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Didgeridoo inspires sleep apnea workout

Playing the Australian aboriginal wind instrument seems to help those affected

From Friday's Globe and Mail

For many people afflicted with sleep apnea, the treatment may seem worse than the condition.

They must sleep with the aid of a device known as CPAP (continuous positive airway pressure) that blows air down their throat to keep the passageway open. A lot of patients find it extremely difficult to sleep with a CPAP mask strapped to their face.

Now, however, Brazilian researchers have completed a study that suggests certain throat and tongue experiences may lessen sleep apnea - and thereby eliminate the need for the dreaded CPAP machine - in some patients.

Sleep apnea occurs when the soft tissues in the throat basically collapse shut. Those with the condition must wake briefly many times a night to gulp for air. They will have no recollection of waking, but suffer the consequences of poor sleep - fatigue the following day. Even worse, sleep apnea puts a strain on the heart and elevates the risk of getting high blood pressure, heart attack and stoke.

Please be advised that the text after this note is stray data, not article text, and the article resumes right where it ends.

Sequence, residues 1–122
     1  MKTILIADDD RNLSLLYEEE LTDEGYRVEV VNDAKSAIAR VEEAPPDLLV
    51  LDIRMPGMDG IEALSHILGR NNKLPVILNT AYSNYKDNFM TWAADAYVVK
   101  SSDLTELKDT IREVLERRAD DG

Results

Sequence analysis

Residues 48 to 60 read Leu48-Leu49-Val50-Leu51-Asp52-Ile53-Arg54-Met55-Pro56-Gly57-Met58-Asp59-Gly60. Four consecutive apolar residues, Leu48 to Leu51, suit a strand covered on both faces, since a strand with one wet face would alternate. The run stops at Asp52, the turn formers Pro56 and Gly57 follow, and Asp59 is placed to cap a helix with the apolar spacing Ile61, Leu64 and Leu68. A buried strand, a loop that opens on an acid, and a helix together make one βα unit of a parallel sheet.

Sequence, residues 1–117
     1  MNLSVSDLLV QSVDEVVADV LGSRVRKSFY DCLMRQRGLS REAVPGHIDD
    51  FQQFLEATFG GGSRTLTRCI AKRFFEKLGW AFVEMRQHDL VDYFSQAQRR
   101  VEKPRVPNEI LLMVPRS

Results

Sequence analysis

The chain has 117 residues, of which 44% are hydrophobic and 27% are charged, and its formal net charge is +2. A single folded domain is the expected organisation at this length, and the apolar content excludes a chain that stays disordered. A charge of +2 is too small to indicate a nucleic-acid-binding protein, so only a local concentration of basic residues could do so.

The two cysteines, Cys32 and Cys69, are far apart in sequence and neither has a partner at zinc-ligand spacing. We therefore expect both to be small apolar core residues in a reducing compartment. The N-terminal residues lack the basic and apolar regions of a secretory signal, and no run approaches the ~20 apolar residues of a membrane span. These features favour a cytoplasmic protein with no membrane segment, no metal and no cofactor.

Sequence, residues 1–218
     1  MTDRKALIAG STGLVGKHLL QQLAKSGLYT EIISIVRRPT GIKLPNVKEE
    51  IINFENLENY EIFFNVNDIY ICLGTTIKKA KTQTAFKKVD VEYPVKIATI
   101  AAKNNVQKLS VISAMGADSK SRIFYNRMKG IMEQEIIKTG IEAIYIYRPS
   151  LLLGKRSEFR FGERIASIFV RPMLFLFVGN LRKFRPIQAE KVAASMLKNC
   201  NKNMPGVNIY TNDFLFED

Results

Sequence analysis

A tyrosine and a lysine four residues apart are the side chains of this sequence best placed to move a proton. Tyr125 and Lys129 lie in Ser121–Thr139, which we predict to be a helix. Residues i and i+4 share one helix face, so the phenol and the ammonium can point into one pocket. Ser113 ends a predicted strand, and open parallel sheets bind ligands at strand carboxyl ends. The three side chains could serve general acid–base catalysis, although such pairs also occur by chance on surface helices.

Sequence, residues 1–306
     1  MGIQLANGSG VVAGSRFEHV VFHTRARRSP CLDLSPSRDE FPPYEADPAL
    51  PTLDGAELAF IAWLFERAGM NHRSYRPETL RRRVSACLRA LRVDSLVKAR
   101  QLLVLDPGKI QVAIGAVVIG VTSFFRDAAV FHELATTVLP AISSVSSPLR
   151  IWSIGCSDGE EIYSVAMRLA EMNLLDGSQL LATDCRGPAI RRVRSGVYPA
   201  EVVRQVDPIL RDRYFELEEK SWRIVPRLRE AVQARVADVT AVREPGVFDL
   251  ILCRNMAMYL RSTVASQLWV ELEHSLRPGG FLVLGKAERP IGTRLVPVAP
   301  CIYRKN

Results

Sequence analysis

Most medical experts have long assumed that exercises would have little effect on the sleep disorder - and CPAP was the best treatment available.

But the Brazilian researchers were intrigued by a recent experiment that showed playing the didgeridoo, an Australian aboriginal wind instrument, seemed to help.

So the researchers, led by Geraldo Lorenzi-Filho of the University of Sao Paulo's medical school, recruited 31 patients recently diagnosed with mild to moderate sleep apnea in order to evaluate a series of exercises normally used for treating speech disorders.

About half of them were given tongue and throat exercises, while the others served as a control group. After three months, 10 of the 16 patients in the treatment group were reclassified as having just mild apnea or no apnea. What's more, neck circumference decreased by an average of 1.1 centimetres in this group, indicating that airway muscles had been significantly altered. There was no improvement in the control group.